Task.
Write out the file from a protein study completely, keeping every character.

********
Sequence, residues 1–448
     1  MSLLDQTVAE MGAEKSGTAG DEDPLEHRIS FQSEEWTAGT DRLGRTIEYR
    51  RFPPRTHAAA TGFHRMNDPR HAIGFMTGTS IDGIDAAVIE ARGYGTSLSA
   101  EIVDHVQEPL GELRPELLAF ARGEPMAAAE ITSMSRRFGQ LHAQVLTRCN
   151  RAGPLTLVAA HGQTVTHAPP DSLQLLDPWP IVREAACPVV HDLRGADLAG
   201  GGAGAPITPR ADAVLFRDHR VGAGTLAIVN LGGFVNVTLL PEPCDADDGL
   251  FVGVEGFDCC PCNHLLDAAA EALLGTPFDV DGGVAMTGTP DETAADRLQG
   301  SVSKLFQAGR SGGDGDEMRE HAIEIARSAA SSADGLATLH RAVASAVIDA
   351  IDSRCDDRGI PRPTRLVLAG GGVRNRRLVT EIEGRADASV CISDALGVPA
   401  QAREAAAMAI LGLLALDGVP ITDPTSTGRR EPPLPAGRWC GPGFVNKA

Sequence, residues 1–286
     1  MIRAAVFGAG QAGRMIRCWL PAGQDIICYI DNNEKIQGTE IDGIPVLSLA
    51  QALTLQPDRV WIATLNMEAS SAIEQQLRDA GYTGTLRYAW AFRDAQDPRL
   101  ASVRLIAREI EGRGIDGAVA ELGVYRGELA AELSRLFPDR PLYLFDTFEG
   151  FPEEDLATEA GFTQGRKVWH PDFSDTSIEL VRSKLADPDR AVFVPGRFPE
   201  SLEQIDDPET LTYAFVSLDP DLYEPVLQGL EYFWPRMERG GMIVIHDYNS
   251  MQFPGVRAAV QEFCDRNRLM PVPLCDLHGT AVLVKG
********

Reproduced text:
Sequence, residues 1–448
     1  MSLLDQTVAE MGAEKSGTAG DEDPLEHRIS FQSEEWTAGT DRLGRTIEYR
    51  RFPPRTHAAA TGFHRMNDPR HAIGFMTGTS IDGIDAAVIE ARGYGTSLSA
   101  EIVDHVQEPL GELRPELLAF ARGEPMAAAE ITSMSRRFGQ LHAQVLTRCN
   151  RAGPLTLVAA HGQTVTHAPP DSLQLLDPWP IVREAACPVV HDLRGADLAG
   201  GGAGAPITPR ADAVLFRDHR VGAGTLAIVN LGGFVNVTLL PEPCDADDGL
   251  FVGVEGFDCC PCNHLLDAAA EALLGTPFDV DGGVAMTGTP DETAADRLQG
   301  SVSKLFQAGR SGGDGDEMRE HAIEIARSAA SSADGLATLH RAVASAVIDA
   351  IDSRCDDRGI PRPTRLVLAG GGVRNRRLVT EIEGRADASV CISDALGVPA
   401  QAREAAAMAI LGLLALDGVP ITDPTSTGRR EPPLPAGRWC GPGFVNKA

Sequence, residues 1–286
     1  MIRAAVFGAG QAGRMIRCWL PAGQDIICYI DNNEKIQGTE IDGIPVLSLA
    51  QALTLQPDRV WIATLNMEAS SAIEQQLRDA GYTGTLRYAW AFRDAQDPRL
   101  ASVRLIAREI EGRGIDGAVA ELGVYRGELA AELSRLFPDR PLYLFDTFEG
   151  FPEEDLATEA GFTQGRKVWH PDFSDTSIEL VRSKLADPDR AVFVPGRFPE
   201  SLEQIDDPET LTYAFVSLDP DLYEPVLQGL EYFWPRMERG GMIVIHDYNS
   251  MQFPGVRAAV QEFCDRNRLM PVPLCDLHGT AVLVKG